With the NFL set to return on Thursday, bettors will be able to place their wagers on a plethora of betting options. Seasoned bettors tend to stick to sides and totals, while newbies or "square" bettors tend to play more parlays, props and teasers, options that are geared to the house's advantage.
The most obvious way of betting the NFL is via the point spread. This is the most popular and well-known option in the sports betting industry. Most people enjoy betting on a team to cover the spread instead of winning or losing the game. The next option the public loves is the parlay bet. They know the odds of winning are already slashed 10-fold for every game they add, but they continue to bet parlay after parlay in hopes of striking it rich one time on a $20 bet. That reason alone is why 99 percent of the public loses over the long term.
One betting option available to NFL bettors is the teaser. A teaser bet is similar to a parlay bet. It's a bet the requires winning two or more games in order to get a payoff. However, the difference between the two lies with the point spread. A straight parlay bet allows you to play only the point spread offered, while a teaser bet allows you to adjust that number for whichever team you favor. There are different types of teasers available, but the most common one is a six-point teaser. For example, if a game has the point spread set at -10 with the total at 51 for the game, your six-point teaser would allow you to tease that spread and get the favorite at -4 or the underdog at +16. This method is also applied to the total as well. Should you like the underdog and the "under", you can add six points to the total, and now you have a readjusted total of 57 with an underdog of +16.
Despite how easy teaser bets may seem, they are usually a sucker bet for most who play this method. The reason I say that is because those who play teasers seemingly don't understand the value of the key numbers in the NFL. Think about the scoring for a second. The most common margin of victory in the NFL is three points. Since 2002, games ending with a three-point margin occurred 15.67 percent of the time. The next most common number is seven. A seven-point margin of victory occurs 9.67 percent of the time.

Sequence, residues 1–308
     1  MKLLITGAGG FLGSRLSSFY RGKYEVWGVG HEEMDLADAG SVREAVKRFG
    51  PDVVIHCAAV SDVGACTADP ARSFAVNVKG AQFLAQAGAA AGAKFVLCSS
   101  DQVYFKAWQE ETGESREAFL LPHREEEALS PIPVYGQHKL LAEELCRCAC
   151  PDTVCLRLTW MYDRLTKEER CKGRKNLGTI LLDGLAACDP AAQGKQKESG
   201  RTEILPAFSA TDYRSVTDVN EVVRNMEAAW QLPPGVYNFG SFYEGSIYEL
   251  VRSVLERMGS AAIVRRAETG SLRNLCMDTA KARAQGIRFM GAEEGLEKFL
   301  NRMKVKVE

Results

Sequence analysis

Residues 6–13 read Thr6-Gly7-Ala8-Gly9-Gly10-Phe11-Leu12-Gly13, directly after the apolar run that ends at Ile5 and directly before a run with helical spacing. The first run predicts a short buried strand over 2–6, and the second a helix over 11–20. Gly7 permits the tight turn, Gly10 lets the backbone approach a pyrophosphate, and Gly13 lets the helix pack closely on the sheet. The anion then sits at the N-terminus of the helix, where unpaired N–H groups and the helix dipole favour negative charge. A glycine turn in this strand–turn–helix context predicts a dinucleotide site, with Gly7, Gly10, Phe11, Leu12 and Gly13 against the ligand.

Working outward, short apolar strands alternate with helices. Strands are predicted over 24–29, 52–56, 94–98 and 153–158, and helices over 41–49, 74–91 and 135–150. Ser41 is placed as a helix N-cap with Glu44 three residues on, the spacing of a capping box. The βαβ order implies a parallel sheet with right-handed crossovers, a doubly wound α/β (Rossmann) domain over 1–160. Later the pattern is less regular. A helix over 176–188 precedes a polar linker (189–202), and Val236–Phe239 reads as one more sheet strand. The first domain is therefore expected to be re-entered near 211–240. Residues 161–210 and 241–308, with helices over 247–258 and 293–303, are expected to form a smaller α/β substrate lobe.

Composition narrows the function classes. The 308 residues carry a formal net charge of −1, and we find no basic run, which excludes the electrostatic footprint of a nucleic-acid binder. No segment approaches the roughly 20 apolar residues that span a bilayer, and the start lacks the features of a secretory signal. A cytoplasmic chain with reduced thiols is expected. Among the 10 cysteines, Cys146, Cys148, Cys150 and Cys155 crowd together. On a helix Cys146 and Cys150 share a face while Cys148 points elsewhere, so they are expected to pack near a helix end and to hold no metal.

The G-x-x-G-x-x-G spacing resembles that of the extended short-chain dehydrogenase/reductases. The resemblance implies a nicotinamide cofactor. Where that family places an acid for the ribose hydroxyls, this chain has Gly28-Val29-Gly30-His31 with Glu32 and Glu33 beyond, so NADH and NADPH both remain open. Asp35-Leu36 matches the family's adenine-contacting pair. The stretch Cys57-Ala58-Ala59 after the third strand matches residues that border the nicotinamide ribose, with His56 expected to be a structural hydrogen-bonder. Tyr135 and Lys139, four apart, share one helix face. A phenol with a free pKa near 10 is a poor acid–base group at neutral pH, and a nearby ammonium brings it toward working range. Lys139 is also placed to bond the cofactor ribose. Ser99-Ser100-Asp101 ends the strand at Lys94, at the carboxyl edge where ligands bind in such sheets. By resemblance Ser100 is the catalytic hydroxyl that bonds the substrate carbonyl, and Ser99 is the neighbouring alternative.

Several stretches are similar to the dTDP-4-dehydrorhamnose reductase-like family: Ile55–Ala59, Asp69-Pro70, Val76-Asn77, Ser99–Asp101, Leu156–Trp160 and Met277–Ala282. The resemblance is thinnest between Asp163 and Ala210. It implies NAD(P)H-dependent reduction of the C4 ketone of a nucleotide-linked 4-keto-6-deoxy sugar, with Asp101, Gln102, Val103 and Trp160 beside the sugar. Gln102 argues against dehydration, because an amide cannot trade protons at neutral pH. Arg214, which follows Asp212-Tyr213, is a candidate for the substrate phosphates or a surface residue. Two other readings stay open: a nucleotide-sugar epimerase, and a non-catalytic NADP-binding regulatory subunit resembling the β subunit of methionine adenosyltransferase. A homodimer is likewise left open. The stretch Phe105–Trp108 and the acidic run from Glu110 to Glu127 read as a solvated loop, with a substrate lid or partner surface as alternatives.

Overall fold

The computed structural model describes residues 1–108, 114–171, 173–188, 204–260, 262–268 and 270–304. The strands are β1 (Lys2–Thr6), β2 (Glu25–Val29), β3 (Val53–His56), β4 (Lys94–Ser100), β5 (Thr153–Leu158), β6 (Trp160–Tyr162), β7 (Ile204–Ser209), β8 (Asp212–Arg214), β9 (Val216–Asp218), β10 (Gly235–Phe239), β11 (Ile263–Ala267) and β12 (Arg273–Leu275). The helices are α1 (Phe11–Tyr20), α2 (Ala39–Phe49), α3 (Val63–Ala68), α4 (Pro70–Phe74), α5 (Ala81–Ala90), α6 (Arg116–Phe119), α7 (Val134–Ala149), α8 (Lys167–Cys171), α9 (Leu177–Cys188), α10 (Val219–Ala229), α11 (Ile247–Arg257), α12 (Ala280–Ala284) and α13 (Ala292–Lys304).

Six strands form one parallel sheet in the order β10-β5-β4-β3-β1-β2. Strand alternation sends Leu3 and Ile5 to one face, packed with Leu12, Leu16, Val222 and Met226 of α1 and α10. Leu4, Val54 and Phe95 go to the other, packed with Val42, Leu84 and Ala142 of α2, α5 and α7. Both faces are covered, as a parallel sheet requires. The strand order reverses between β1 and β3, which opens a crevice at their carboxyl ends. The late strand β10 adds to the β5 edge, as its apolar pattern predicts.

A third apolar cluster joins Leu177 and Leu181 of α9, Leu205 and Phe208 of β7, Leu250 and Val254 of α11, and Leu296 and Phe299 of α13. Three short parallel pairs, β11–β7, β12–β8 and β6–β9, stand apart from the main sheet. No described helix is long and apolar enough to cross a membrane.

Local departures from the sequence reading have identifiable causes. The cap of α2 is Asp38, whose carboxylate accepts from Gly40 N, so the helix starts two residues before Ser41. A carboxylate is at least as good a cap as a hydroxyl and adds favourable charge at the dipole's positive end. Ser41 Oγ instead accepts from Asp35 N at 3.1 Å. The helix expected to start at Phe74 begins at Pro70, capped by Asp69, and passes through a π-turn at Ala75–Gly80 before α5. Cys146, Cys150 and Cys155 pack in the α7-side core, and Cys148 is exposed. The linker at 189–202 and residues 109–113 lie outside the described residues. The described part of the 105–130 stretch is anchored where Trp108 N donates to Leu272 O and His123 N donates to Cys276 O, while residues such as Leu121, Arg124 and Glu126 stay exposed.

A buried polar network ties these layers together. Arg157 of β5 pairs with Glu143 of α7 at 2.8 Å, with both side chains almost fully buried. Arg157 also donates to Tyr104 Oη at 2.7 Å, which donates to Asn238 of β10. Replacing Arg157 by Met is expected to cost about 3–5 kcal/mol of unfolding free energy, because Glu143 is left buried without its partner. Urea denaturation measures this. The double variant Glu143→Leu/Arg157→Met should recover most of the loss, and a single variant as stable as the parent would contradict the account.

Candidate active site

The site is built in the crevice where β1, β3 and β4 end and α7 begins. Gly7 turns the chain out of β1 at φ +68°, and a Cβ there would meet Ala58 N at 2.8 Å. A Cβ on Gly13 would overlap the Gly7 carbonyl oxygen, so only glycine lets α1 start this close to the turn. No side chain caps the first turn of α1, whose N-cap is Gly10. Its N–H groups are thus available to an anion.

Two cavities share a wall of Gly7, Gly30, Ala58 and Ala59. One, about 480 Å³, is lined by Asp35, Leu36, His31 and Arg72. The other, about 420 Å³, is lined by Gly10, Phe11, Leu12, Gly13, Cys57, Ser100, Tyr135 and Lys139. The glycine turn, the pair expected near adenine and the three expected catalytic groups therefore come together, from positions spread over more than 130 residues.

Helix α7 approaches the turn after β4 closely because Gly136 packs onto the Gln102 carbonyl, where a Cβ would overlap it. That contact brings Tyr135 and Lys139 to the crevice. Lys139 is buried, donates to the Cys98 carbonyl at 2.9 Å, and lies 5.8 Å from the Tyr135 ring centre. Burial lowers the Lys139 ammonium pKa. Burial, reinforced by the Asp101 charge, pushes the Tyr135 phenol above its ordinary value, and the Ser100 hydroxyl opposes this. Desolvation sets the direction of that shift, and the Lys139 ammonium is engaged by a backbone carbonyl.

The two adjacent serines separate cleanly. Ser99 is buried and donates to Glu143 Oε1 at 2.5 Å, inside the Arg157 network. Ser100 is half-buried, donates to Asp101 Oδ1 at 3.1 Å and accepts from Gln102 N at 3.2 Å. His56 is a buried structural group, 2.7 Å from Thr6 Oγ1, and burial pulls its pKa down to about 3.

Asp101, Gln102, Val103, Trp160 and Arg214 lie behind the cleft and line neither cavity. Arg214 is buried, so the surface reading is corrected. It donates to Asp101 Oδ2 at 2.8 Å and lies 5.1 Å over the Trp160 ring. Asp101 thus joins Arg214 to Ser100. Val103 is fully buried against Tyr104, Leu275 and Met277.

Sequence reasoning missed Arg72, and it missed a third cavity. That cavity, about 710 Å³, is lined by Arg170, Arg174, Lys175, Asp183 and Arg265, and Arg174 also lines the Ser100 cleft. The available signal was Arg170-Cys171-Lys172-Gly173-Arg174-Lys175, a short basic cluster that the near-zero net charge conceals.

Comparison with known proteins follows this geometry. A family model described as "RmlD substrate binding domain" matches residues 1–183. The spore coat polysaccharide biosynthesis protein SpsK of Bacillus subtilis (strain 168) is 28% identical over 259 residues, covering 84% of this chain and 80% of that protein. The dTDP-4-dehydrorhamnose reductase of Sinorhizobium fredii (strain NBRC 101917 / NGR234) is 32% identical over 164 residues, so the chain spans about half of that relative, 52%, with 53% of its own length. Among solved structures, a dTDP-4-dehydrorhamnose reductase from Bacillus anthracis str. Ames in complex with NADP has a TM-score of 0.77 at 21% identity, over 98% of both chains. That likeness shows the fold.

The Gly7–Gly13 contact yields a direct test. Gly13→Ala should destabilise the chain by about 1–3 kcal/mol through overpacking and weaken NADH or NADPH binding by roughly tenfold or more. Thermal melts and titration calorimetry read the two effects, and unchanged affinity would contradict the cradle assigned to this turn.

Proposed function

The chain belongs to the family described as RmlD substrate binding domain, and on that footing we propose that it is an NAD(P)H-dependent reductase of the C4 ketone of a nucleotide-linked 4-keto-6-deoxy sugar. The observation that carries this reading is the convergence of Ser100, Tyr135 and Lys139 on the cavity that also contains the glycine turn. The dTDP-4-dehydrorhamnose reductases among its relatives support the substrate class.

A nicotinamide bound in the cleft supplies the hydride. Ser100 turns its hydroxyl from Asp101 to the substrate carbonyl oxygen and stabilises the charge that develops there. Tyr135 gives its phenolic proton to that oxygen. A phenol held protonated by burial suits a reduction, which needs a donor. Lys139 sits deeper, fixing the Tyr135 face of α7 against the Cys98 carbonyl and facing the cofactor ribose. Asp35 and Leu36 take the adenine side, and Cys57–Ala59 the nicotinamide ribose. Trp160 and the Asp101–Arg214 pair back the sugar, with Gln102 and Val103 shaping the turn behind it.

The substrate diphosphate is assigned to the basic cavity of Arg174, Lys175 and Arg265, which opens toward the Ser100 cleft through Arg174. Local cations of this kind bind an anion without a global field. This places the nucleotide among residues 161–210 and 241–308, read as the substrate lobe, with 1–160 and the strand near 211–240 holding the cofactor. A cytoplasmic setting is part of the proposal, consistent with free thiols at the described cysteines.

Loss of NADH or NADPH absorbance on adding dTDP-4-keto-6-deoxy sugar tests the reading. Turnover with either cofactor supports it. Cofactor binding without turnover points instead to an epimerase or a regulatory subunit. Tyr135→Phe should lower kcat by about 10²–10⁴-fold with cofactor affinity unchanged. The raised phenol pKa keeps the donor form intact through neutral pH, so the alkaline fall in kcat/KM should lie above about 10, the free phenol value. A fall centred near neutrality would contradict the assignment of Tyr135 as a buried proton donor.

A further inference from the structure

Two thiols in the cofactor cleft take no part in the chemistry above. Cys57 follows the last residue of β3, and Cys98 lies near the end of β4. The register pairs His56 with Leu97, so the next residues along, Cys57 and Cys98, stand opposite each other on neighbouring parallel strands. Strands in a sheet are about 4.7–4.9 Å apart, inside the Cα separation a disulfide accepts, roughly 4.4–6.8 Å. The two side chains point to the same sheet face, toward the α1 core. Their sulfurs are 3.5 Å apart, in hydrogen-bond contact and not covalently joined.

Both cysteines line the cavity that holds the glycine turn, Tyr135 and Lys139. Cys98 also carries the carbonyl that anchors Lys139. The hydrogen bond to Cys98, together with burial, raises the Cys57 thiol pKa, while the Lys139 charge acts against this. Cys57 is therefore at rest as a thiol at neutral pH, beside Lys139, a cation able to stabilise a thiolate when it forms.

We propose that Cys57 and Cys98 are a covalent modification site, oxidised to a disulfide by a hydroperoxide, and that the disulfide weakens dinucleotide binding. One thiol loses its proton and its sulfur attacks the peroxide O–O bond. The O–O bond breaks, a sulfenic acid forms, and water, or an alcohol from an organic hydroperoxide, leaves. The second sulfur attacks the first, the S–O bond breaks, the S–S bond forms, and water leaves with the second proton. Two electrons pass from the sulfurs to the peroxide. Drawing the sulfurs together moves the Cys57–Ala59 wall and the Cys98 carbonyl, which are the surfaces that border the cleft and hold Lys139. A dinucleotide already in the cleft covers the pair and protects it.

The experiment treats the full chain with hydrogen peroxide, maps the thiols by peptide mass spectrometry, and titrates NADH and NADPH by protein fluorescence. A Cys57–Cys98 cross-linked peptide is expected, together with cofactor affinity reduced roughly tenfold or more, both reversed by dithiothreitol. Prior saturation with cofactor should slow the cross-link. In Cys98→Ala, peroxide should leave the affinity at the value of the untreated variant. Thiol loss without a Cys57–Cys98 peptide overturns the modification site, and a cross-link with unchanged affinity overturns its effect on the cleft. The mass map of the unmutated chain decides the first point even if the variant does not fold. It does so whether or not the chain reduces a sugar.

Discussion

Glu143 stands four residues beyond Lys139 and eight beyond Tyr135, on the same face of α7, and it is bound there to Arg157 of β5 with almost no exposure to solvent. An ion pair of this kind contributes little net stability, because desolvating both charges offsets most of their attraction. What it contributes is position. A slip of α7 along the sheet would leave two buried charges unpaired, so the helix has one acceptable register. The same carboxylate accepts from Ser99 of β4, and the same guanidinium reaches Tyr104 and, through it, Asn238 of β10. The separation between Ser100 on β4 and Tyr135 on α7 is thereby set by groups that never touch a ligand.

With those key numbers in mind, I can now explain basic strategy teasers. Simply put - you must find two favorites where the point-spread is between -7.5 and -8.5 and tease them down using the six-point teaser to make their adjusted spread between -1.5 and -2.5. This likens your chances of winning as you have moved the spread under the two most common margins of victory for NFL football. On the contrary, if you like the underdog, make sure to find spreads that hover around the +1.5 - +2.5 range, which would give you an adjusted spread of +7.5 and +8.5 - which also moves the spread through those two key numbers. This is the only teaser we recommend at Doc's Sports because we feel the numbers and percentages are finally in our favor. For example, if a line is reasonably accurate then you can assume about a 50 percent chance of either team covering. If the odds are -110, then you would need to win about 52.4 percent of your bets to break even. To win 52.4 percent of your teasers you need to be able to win the individual game approximately 72.5 percent of the time. Because games end up being decided by three and seven more than 22 percent of the time, teasing through these two numbers increases the chances of covering a spread from about 50 percent to 72 percent or more.